Daily Archive: December 10, 2010


Pitt, Kentucky to play in BBVA Compass Bowl

BIRMINGHAM, Ala. (AP)—Pittsburgh and Kentucky will meet in the BBVA Compass Bowl Jan. 8. The Panthers (7-5, 5-2) were in position to claim the Big East Conference’s bid to a BCS bowl before losing to rival West Virginia 35-10 on Nov. 26. Instead, Pitt will play in a bowl with a projected $600,000 payout, the second lowest of any bowl game. No. 22 West Virginia (9-3) will face N.C. State (8-4) in the Champs Sports Bowl on Dec. 28 at the Florida Citrus Bowl stadium in Orlando.



:10 I know we’ve all seen it a hundred times and I know everyone has their own list. You got Rocky, Slapshot, The Natural, Bingo Long and the Traveling All-Stars and now Blindside. But I tell you what, you’ll have a hard time not making “Remember the Titans” the No. 1 sports movie of all time. Denzel Washington at his best, the true life history of the story, the music and the on the field action…It’s hard to beat. BILL NEAL :9 And call they did! Some of you, no—a lot of you—called in to get me told about my “Top Ten Best Jumpers Ever” list. Here’s an update. “Neal, How you gonna have a top 10 without Jim McCoy? There’s a reason they called him “Jumpin’ Jim” McCoy!”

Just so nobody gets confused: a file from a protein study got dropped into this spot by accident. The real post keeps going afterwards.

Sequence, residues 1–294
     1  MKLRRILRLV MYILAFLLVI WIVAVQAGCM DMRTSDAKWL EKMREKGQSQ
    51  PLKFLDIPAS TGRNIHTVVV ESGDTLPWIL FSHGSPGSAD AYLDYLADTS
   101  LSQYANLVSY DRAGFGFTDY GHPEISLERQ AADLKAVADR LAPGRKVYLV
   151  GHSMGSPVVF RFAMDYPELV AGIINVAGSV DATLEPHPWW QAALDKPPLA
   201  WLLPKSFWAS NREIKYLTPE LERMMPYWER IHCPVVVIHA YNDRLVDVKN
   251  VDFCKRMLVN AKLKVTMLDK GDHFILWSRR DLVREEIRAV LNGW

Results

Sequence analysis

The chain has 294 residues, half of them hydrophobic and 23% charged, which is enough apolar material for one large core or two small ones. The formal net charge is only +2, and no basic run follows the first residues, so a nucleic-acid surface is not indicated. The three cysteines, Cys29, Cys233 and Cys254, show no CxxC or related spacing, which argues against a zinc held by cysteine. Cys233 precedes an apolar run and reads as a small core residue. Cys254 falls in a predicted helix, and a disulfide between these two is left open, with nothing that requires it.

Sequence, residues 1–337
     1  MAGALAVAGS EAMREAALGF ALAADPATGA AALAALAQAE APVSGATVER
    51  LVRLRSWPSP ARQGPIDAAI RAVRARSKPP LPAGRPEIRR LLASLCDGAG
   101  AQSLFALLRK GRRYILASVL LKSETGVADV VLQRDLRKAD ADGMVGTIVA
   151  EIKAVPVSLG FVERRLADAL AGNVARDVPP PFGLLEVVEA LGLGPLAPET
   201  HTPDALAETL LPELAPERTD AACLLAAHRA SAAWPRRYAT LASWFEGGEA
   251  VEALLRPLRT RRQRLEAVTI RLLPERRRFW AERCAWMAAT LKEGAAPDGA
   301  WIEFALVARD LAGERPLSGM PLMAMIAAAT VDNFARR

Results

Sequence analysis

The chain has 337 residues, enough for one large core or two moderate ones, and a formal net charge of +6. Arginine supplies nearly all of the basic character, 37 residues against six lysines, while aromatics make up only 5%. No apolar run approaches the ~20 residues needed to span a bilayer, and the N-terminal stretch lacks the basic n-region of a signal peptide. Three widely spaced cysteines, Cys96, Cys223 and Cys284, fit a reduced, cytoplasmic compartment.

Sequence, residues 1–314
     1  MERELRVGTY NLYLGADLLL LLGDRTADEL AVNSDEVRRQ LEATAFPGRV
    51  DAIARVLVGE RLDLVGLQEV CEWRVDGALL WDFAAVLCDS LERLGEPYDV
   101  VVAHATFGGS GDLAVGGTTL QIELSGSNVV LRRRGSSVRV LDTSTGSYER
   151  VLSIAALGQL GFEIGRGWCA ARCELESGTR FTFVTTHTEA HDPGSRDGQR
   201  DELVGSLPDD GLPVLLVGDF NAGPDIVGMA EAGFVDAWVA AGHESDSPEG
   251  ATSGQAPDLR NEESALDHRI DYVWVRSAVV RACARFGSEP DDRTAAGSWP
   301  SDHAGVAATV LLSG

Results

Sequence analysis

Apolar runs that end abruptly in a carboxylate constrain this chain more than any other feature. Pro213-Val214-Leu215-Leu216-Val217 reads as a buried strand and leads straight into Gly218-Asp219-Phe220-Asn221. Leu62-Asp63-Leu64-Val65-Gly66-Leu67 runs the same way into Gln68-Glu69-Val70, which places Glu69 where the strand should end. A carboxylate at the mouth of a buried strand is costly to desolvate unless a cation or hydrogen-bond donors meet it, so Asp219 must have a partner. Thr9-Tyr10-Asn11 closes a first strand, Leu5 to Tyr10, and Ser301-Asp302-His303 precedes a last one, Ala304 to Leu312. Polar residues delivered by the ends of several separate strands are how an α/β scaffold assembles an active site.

Every time I listen to news stories filled with violence and young people I wonder what is the problem with our young people. Recently a young man killed his girlfriend because she rejected him. No one wants to be rejected, no one wants to lose. I don’t think a large portion of today’s youth understand winning and losing. Part of the problem begins with the adults. I have witnessed kids on a team where everyone gets a trophy, the winners and the losers. To me that makes no sense. It seems the coaches don’t want to hurt the self-esteem of the child that loses. That is not the real world. Someone is not going to get the job, the guy doesn’t always get the girl, or vice versa. Everything is not for you.


Vaccines Not just for kids:

by Janice KopelmanFor New Pittsburgh Courier As children, most of us stayed current on vaccinations under the watchful eye of our parents and pediatricians. As we grew, our parents and doctors made sure we were protected from any vaccine-preventable diseases surrounding us. But as adults, we may put our own health needs on the backburner because we’re so busy making sure that our families and our jobs are in order. Perhaps it’s because we have the misconception that we just don’t need vaccinations. JANICE KOPELMAN